Dé Domhnaigh 6 Eanáir 2013

Ceacht 1 - Fáilte

Gaeilge Anois = Irish Now

I recommend spending at least a hour a day for two weeks to get used to the sounds of the letters before trying anything else. That’s goal #1. It will really pay off.
Practice, practice, practice and have fun with it too.  If you can, get a teacher.

Search for a teacher here: http://www.daltai.com/classes/ 

LESSON 1       Ceacht 1             Fáilte / Welcome  


Words you may already know:  
Clann=family (children),  Cailín (Colleen)=girl,  Erin=Éireann =Ireland
Now get ready to dive into the language. This lesson is about the sounds of the letters, very basic grammar for making sentences and simple conversation. Learn to read and makes basic sounds, figure out the basic structure and then put sentences together so you can talk. That’s the plan. Here we go…

Sounds Fuaimeanna

1.1 The Sounds of Irish.

Some sounds in Irish don’t exist in English and the best way to learn any language is to imitate the sounds of a native speaker but this will help you get started. This quick simplified guide of how to pronounce letters should help you begin to read basic Irish so you can be understood. It’s lesson 1 and so we’ll keep it simple. Ready?

A. The long and the short of it

There are 5 short vowels and 5 long vowels. The long vowels differ somewhat from English long vowels.  There is only one accent mark called a fada. It is used to change short vowels to long vowels.

Short Vowels                    Long vowels
a: as in answer *               á: aw as in saw
e: as in egg                      é: ay as in  hay
i: as in it                            í:  ee as in feet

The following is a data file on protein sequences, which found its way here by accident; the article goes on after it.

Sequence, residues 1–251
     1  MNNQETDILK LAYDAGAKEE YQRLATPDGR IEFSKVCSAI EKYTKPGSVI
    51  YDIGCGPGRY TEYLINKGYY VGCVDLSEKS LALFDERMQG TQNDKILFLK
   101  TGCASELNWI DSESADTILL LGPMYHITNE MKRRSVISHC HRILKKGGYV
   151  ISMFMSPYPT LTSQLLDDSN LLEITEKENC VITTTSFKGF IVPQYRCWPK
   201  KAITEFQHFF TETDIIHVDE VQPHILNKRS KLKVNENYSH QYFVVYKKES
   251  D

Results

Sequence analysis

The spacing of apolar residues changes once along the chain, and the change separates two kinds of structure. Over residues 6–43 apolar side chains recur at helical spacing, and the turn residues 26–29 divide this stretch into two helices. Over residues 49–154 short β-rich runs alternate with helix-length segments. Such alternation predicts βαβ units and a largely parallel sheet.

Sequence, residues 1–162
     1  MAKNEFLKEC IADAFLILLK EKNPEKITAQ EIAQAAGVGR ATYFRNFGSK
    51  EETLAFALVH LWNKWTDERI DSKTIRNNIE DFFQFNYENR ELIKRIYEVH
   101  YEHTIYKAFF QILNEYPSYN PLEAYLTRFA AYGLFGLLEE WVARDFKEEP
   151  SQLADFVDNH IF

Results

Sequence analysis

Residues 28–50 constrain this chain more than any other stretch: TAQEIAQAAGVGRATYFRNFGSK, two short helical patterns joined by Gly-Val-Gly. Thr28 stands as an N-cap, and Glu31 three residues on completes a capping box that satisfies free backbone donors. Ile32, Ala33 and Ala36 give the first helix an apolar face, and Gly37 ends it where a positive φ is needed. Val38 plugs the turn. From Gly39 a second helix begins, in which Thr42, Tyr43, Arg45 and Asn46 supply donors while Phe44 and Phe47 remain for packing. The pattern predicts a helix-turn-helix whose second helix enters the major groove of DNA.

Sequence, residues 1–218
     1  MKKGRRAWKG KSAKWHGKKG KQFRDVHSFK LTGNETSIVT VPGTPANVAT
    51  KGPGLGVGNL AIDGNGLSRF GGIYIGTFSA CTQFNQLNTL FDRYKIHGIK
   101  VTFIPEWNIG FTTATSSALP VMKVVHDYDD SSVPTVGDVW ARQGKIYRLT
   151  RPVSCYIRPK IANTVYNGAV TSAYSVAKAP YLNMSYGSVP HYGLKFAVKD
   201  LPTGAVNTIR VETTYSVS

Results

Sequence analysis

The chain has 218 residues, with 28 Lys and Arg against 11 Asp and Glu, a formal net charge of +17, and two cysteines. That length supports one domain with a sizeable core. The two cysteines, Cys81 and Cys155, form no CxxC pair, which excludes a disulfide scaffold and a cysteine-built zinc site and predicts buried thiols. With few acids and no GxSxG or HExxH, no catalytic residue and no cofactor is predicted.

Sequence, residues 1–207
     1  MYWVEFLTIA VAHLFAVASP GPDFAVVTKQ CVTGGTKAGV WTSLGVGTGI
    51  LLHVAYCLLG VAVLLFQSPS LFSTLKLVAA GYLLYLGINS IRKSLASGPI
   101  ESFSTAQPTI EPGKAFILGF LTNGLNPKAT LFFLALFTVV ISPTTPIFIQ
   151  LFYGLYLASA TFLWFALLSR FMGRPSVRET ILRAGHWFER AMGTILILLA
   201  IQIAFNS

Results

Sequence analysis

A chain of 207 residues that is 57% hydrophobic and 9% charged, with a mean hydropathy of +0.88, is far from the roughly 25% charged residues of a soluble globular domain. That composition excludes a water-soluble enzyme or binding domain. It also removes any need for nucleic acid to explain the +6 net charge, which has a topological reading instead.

o: u as in under **            ó: o as in over
u:  as in unless                 ú:  oo as in moon

There are two letters to watch out for: the really tricky short a and the short o. 

i) ** The short o is easy. Just change it in your head to a short u as in under.Yes that means that both o and u are pronounced u. Examples:  loch luch, obair ubur, ort urt

ii) *The pronunciation of the short vowel a is the tricky one as it varies so much. More often than not it is pronounced as a short o: agus ogus
The many sounds of the letter a:
o as in on  (most often)                                            o: am om, as os, ach och, ann on
e as in egg (with prepositions and r)                        e: ag eg, ar er, arsa ersu
u  as in unless (weak syllable)                                 u: arís ureesh, anall unol, amú umoo
*a as in at (when followed by i or th)                        a:  aice ake, aire are, athrú ahroo
*Note: it’s a British a sound, not an  American one

Don’t try to remember all these words in Lesson 1; just know that the letter a can be pronounced in many different ways and you won’t be surprised when you see that happening later on.

SHORT ►LONG a second route
Other ways to change short to long vowels include adding extra silent vowels.
In English pal (short a) changes to pail (long a) by adding a silent vowel.
In Irish cine kineh (short i) changes to caoine keene (long i = í) with the addition of silent vowels.

A. Practice saying these aloud. There is no difference is sound for double consonants:
a:  na                á:  ná naw  (aw is the sound many people make when they see puppies)
e:  te                 é: té tay      (tay rhymes with say)
i:  sin (shin    í:  sín sheen
o:  an (on)        ó: ón doh (rhymes with oh)
u:  donn (dun)  ú:  dún (doon rhymes with soon)
Note the last two short vowels on this list a►o and o►u

B. Here they are again and try reading them aloud:
na, ná, te, té, sin, sín, an, ón, donn, dún
Good? Let’s try some more:
ait, áit, de, dé, min, mín, as, ós, olla, úlla
Are you getting used to the a►o and o►u

I won’t put the letters in red then this time. The first one ab is a short a, not an o sound.
Try reading: ab, bá, le, mé, binn, ní, an, ón, lom, úll

C. One more exercise  reading aloud before we leave the vowel section:

 Short Vowels                              Long vowels with accent                 
a:  na                                     á:  ná, bád, cá, lá, tá
e:  te                                              é: té, cén, cé hé, mé
i:  linn                                            í:  bí, ní, níl
o:  ort,  mo, do                              ó: ór, óg, bróg, tóg, ól
u:  turas                                       ú:  dún, úll, úr
Good. Go maith.

B. 1.1.2 Consonants

The letters in italics here are to help you say the sound. Bold letters show which syllable is strongest.
1. C is always a hard c, like k and not like s - kaw, kay, conas kunos. G is always a hard g, not like j: go gu, gorm gurum, glas glos.